A survey by the Dana Foundation revealed that nearly seven out of ten adults are worried about memory decline. As a matter of fact, 80% of doctors surveyed said their patients over thirty complain about memory loss. They are beginning to worry they may develop Alzheimerâ€™s or other forms of dementia. They havenâ€™t quite gotten to the point of finding out what they can do to make sure it doesnâ€™t happen. If they would think about it, it is easier to try to preserve your memory while you still have it than to wait until your brains start to atrophy before you start. I always suggest that if a person really wants to improve their memory that they investigate some sort of memory training.
Baby Boomers are finding themselves trying to turn back the clock on their bodies, and are becoming more health conscious â€“ but now are finding their brains are in need of a Fountain of Youth as well.
In our late twenties our brains are at their peak. After that everyone begins to have periodic brain â€œcramps,â€ that include forgetting words, misplacing our keys, missing appointments, or blanking out at a name. That does not mean they are on the path to mental decline. According to Dr. Fergus Craik of the Rotman Research Institute has this to say, â€œMemory processes are not lost to us as we ageâ€¦The mechanism is not broken, itâ€™s just inefficient.â€ Most of those inefficiencies are short-term memory. With that said, it is possible to improve your memory and a memory training program may be the answer. I know some who compete in the World Memory Championship who are over 50.
The brain is an amazing thing. It is able to rejuvenate itself when you put it through brain exercises and memory training. Although the average adult brain contains over a 100 billion connections between brain cells, it loses around 100,000 a day. By doing brain exercises to create new connections, and strengthen the ones that already exist, you are turning back the clock on your brain and yes even improve your memory.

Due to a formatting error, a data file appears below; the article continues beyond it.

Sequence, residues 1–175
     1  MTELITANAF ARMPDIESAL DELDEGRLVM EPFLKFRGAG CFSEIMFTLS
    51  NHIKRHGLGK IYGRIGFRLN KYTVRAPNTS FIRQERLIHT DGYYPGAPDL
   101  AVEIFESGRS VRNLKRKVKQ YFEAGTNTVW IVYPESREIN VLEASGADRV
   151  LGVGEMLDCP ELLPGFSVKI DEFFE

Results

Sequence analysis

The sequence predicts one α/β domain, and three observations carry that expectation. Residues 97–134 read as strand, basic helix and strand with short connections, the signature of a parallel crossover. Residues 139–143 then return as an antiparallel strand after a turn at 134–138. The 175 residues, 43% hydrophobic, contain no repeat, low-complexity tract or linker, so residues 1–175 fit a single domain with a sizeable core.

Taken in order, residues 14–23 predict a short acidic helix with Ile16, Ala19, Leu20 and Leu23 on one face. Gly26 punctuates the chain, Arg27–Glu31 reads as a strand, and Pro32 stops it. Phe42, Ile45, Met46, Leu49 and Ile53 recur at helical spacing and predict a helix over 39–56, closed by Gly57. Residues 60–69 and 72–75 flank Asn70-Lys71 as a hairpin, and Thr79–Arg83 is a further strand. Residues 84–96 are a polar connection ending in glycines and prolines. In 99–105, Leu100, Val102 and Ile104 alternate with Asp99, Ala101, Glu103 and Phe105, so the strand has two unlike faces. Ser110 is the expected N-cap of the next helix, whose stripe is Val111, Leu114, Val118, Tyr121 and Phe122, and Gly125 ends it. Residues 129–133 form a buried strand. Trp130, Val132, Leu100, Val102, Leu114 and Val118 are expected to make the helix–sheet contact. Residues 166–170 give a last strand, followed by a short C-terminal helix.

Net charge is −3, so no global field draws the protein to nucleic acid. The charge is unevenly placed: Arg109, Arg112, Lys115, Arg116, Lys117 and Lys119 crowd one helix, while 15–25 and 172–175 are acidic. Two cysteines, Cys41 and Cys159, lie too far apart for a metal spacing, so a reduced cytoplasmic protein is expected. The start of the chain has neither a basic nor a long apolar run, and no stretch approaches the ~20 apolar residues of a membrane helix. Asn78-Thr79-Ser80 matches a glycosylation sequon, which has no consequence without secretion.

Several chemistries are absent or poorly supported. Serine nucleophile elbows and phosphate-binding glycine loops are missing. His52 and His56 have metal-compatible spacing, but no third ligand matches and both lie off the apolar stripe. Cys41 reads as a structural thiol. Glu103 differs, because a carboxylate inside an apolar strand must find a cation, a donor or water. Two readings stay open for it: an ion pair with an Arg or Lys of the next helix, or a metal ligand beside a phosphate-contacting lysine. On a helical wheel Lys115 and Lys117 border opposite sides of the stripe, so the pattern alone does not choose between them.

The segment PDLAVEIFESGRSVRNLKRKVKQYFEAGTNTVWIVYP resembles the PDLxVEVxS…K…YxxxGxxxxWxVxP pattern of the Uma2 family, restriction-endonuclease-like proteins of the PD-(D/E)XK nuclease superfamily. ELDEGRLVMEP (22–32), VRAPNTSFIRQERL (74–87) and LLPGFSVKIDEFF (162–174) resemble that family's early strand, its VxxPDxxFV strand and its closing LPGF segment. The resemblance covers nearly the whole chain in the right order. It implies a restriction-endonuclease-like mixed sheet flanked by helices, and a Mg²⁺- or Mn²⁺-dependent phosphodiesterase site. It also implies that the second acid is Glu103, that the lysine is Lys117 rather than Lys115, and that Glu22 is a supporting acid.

Itâ€™s time you begin to think of your brain health as you do your body health. Begin by engaging your mind in a planned program that includes brain aerobics. Your brain thrives on challenges and novelty. Do something that it will have to work at.
- If you usually work in the field of math and science, try doing something in art.
- Learn a new hobby,
- Write a short story
- Learn a new skill â€“ like skiing
- If you are not doing it now, become socially active, – do volunteer work, play cards with others or join a book club.
Do not exclude proper nutrition and physical exercise. The right diet will stop plaque from forming in your veins and the exercise gets your blood and oxygen pumping throughout your brain.
Once you make the decision to do something to improve your mind, and follow through, nothing but good will come of it. You can sit back and let genetics control your future, or you can do something now by building up your brain muscles.
This is Ron White, two-time USA Memory Champion , memory training expert, and memory keynote speaker. By regularly exercising your brain you should be able to see an improvement in your memory â€“ which could extend your brain life. For additional help you can check out my CDs on memory training.
BrainFit â€“ 10 minutes a Day for a Sharper Mind and Memory, by Corinnel L. Gediman with Francis N. Crinella, Ph.D.